There is a lot of babble floating around about Generation Y’s inability to get onto the property ladder.
But, for this apparent ‘minority’, how simple is it to buy a house? Let’s see.
First step – the Agreement in Principle
My partner recently came into some inheritance funds and we’ve been poring over estate agent webpages for the last six-months looking for our new home.
Coming to the end of our tenancy, the search has heated up. So, we took ourselves into a local branch of one of the leading banks to find out how much we could borrow, which was a fairly straightforward process. After 40 minutes or so, we left with an Agreement in Principle.
An Agreement in Principle is basically a piece of paper which considers very basic information, such as your job, how long you have been in that job, salary, bonuses or overtime, debts and, any other financial commitments which could impinge on your mortgage repayments.
Based on this information, the bank gives you a figure of how much they would be willing to lend you, when you find the right house for you.
This AIP lasts for three months and after that you would need to revisit the bank to renew it – but, we’re hoping that it doesn’t take that long for us!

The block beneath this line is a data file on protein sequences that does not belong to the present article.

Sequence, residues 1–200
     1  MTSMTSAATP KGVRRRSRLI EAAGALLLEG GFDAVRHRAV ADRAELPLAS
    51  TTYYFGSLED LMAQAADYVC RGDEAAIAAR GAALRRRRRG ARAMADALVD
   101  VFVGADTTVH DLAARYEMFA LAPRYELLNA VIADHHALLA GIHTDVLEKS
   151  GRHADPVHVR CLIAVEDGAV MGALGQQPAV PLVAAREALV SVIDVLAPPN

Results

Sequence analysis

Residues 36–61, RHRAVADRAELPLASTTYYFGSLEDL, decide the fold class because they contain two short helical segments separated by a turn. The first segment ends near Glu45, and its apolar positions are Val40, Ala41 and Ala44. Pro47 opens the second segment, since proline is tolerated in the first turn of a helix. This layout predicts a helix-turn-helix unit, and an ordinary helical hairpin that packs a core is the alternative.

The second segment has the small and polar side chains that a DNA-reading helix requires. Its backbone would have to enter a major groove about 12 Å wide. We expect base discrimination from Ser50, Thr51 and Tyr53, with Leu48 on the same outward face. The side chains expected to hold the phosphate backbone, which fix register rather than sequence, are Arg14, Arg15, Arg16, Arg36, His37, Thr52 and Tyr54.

So that’s the first step in getting us on the property ladder complete!
Finding that house
Having been searching for a while we have seen an abundance of properties come and go. Our first real taste of the front line was when we put in an offer on a beautiful Grade II listed, three-bedroom stone cottage in a conservation area of Nottinghamshire.
We had finally put in an offer of £192,500, which we were advised by the estate agents was a ‘strong offer’.
A week passed, with no communication. We took this silence as a good sign – as the saying goes, ‘no news is good news’. But that sense of security was shattered several Saturdays ago, when we received a phone call from the estate agents to inform us a sniper had snuck in and offered in excess of the asking price. Wine was consumed, anger subsided and the hunt continued.